We do where possible, but we are also taking into consideration the overall environmental benefit of our choices. For example, organic meat often comes in plastic packaging from the stores. So I would prefer to support our local butcher and buy grass-fed meat where I can take in my own glass containers.


What have been the easiest changes to make on your journey to being more sustainable?

Reusable water bottles, coffee cups and shopping bags are a piece of cake. I just won’t have a take away coffee now if I don’t have my reusable cup on me. I carry reusable cups, straws and bags on me.

Shopping in bulk has taken care of dry goods, oils, nut butters, cleaning products etc. And we buy our bread from La Banette or other bakeries and use linen and cotton bread bags (or you can use a pillow case) to keep the bread in the fridge. I try to remember my bread bag to pop the bread straight in at the bakery.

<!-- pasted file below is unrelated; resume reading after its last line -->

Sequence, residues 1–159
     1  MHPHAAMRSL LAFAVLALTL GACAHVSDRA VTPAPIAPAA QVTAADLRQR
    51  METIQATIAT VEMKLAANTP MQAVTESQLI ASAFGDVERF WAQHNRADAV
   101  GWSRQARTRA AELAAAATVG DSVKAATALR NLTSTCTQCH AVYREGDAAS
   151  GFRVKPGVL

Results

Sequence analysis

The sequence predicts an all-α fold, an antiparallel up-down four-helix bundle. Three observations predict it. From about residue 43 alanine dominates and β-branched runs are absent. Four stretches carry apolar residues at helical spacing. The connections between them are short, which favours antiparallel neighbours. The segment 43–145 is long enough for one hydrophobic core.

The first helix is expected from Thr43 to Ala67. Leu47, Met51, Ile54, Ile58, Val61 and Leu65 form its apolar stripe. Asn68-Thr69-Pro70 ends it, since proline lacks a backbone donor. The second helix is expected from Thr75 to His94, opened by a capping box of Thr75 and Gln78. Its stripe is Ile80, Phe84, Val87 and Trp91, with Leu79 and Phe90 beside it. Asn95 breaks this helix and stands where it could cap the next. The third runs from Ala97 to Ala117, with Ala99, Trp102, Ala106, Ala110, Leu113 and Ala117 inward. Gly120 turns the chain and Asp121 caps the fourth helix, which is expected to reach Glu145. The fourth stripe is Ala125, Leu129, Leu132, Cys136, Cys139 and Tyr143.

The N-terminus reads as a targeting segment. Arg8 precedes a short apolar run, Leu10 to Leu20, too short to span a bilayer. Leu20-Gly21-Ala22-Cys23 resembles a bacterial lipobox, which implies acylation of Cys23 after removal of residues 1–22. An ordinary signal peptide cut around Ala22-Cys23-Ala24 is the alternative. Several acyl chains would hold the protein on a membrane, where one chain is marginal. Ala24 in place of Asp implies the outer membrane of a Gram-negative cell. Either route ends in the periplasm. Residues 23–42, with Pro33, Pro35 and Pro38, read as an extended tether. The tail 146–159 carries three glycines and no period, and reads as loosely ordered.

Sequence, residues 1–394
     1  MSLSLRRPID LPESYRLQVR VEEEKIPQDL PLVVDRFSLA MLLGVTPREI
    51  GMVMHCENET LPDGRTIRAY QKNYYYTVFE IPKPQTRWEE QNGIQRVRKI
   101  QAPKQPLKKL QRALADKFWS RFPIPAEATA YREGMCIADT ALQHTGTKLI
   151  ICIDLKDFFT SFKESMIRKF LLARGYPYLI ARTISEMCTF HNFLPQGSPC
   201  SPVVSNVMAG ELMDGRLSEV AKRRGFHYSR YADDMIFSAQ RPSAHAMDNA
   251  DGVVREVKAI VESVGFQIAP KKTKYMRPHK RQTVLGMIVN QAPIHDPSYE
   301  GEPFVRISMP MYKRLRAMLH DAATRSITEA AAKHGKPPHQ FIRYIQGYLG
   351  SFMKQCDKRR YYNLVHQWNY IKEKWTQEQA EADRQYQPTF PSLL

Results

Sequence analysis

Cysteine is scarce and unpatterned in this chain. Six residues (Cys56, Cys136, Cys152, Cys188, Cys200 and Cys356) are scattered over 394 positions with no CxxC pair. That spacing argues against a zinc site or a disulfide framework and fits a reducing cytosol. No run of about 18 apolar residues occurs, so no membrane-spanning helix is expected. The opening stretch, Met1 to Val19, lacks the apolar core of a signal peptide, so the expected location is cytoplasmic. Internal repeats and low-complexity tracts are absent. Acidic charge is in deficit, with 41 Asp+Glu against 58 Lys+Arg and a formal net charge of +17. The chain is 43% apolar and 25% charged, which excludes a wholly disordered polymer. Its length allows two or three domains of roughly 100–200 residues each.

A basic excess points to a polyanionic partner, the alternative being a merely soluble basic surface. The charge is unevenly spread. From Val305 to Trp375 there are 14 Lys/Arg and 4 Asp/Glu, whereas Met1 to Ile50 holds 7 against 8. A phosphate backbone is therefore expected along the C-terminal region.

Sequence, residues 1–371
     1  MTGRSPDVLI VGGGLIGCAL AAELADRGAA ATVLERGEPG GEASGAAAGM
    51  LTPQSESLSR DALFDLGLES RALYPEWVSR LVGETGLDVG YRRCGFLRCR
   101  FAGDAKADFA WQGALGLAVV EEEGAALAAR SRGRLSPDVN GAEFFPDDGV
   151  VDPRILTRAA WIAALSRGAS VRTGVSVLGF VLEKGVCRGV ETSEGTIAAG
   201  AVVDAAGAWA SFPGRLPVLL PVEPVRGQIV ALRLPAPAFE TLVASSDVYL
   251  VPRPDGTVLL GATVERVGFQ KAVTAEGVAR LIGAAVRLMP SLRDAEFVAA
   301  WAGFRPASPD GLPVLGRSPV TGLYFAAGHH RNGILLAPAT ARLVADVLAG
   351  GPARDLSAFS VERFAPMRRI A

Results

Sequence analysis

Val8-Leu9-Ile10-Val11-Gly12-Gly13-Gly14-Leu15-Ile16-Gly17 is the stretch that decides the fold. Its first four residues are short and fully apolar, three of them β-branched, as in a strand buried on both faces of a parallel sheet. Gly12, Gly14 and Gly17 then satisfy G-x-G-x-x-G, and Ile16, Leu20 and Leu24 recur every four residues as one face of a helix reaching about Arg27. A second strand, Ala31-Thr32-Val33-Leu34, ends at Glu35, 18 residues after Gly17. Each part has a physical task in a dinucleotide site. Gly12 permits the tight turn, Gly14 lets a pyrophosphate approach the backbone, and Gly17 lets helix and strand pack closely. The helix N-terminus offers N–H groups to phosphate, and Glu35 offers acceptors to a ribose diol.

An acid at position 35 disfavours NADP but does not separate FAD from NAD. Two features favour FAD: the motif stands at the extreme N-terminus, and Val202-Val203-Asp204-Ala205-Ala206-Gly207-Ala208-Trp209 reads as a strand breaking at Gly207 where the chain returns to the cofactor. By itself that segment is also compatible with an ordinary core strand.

We now use a wonderful local fruit and vegetable service, The Organic Scarecrow. you can find them online. The veggie box is plastic free, organic, seasonal produce. They also collect the previous week’s box when they drop off the new one – so we don’t waste the cardboard. In the last few weeks we have also added Berkelo bread to our veggie box order.

I find that we can still have our coffees and treats at cafes and get ice cream in cones. 


Ivy and Beau digging into the family’s The Organic Scarecrow veggie box delivery

What changes have been hardest to adjust to as a family?